Current projects Current projects

Return to Full Page
Back

The Role of Language Similarity in the Development of the Infant Bilingual lexicon

The Role of Language Similarity in the Development of the Infant Bilingual lexicon

The Role of Language Similarity in the Development of the Infant Bilingual lexicon

How do infants growing up in bilingual homes learn words and how are these words represented in the infant bilingual mind? We propose that answers to these questions are heavily influenced by the similarity of the languages involved. For instance, Dutch and English are close languages, while Chinese and English are distant. At the word level, language similarity is reflected in the percentage of 'cognate' words that two languages share. Cognates are word translations that share the same etymological origin and sound similar (such as father and vader in English and Dutch). Evidence for the importance of cognates in bilinguals comes from naming studies with adults. For example, adult bilinguals can name pictures faster when they correspond to cognates (father/vader) than pictures corresponding to non-cognates(bicycle/fiets). A critical property of adult bilingualism is that of non-selective access to the words in both languages.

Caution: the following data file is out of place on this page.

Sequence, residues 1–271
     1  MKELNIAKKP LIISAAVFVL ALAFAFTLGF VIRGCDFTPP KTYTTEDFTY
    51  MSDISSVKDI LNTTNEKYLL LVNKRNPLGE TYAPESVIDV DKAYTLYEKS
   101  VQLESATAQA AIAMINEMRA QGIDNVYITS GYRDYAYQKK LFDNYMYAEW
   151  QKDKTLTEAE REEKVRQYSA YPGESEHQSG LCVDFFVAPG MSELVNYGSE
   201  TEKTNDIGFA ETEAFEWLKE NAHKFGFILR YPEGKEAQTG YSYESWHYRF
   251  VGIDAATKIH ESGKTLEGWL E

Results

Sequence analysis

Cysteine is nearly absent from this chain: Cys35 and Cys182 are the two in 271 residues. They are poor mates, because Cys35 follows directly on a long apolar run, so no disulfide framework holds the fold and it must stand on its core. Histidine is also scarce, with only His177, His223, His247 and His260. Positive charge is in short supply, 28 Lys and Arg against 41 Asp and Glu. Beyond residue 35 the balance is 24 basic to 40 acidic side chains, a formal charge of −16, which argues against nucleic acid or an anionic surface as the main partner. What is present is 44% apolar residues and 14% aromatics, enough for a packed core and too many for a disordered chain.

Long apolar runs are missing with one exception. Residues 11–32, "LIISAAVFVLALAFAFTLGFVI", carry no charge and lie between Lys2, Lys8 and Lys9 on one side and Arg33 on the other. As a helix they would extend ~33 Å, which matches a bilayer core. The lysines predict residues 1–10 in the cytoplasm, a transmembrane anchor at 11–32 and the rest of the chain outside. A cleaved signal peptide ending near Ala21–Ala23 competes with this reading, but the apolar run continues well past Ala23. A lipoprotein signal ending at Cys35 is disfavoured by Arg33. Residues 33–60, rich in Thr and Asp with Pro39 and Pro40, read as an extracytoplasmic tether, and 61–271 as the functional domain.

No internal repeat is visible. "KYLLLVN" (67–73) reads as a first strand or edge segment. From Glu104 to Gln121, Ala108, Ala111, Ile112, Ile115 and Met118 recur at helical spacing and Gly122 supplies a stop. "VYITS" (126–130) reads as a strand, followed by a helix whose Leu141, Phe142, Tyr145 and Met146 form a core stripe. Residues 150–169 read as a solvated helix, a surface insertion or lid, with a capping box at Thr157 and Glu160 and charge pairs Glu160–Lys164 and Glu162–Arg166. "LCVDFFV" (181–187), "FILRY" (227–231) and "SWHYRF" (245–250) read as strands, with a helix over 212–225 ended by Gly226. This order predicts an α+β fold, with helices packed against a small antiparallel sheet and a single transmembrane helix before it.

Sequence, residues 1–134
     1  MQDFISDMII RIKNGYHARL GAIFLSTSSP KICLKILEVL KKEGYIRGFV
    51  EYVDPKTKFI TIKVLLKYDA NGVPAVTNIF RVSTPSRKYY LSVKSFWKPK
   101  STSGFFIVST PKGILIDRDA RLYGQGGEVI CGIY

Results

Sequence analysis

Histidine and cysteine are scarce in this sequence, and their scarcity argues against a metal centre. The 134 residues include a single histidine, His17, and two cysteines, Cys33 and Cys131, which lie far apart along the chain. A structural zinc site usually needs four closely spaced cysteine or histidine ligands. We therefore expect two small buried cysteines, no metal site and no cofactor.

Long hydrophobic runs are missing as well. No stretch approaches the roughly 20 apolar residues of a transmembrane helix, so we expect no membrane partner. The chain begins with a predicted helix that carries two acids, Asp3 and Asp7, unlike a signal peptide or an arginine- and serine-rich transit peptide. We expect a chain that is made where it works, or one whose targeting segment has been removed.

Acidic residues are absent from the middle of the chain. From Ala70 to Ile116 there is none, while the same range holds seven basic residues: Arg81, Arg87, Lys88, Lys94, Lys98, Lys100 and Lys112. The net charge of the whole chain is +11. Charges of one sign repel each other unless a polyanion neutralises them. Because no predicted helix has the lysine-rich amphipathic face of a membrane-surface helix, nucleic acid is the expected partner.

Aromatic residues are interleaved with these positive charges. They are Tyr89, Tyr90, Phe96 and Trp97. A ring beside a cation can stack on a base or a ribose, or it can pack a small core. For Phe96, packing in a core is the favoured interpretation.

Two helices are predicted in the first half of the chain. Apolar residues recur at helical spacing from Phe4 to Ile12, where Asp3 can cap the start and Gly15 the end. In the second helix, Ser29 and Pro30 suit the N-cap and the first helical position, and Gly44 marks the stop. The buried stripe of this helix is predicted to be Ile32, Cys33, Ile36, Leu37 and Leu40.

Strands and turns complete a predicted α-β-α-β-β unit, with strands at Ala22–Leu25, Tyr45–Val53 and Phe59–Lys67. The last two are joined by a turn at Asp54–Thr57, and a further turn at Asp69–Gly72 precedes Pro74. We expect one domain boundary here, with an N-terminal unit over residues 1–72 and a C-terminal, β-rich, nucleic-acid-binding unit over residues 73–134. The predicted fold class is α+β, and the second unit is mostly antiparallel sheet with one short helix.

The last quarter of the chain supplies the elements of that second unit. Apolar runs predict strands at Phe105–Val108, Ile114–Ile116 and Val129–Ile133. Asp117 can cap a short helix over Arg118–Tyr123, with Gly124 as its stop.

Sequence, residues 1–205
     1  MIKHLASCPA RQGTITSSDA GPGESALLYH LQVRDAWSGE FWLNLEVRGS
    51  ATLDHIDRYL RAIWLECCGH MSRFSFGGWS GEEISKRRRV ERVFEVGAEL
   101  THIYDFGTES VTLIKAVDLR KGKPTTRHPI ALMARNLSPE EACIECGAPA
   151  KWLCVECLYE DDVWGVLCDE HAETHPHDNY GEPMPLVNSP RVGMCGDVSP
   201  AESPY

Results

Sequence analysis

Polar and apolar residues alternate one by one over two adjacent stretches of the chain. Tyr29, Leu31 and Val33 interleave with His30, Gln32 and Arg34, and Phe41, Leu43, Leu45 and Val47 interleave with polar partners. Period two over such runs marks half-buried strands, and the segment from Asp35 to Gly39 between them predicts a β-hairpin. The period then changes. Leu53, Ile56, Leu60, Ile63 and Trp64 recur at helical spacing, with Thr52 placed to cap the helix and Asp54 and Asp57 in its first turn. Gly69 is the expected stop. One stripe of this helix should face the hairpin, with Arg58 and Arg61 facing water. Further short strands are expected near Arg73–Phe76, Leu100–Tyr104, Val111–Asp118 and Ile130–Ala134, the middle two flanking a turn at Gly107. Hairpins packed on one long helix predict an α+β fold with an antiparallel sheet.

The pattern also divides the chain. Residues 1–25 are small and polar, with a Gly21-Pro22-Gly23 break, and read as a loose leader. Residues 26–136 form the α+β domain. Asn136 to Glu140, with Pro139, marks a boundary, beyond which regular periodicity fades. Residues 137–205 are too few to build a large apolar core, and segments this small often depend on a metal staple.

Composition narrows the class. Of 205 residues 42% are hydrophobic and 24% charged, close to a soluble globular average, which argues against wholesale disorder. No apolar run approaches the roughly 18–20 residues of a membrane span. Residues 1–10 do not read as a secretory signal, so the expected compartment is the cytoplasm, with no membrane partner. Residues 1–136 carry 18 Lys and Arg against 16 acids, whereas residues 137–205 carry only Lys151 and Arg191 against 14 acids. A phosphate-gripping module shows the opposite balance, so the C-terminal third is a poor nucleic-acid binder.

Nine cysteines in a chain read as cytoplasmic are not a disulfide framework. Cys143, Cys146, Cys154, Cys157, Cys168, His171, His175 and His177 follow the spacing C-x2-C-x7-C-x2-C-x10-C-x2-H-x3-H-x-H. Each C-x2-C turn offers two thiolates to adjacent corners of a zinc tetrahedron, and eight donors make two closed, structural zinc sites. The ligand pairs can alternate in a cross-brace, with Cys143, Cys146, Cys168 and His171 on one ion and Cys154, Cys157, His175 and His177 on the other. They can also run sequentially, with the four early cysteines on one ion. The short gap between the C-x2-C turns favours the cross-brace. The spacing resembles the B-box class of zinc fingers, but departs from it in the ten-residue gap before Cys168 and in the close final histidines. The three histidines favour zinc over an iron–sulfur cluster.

Bilinguals activate all potential word candidates from either language consistent with what they hear or want to say, even in fully monolingual situations. Such findings point to important interactions between the two languages in the bilingual mind. Such interactions are likely to be even more important in the case of infants raised bilingually. Such infants often know only one word in one of their languages to refer to a concept. In this situation, cross-language lexical similarity may facilitate word recognition, but it may hinder the establishment of language-specific lexicons. We propose to conduct a series of experimental studies to uncover the structure of the mental lexicon in bilingual infants, and to construct brain-inspired models to explore theoretical accounts of the structure of their lexicon(s).

Principal researchers

Nuria Sebastian

Funding from the ESRC Economic and Social Research Council project awarded to Oxford University

Id. ES/S010947/1

Dates: 01/09/2019 to 31/05/2022
 
Funding: 249.108 €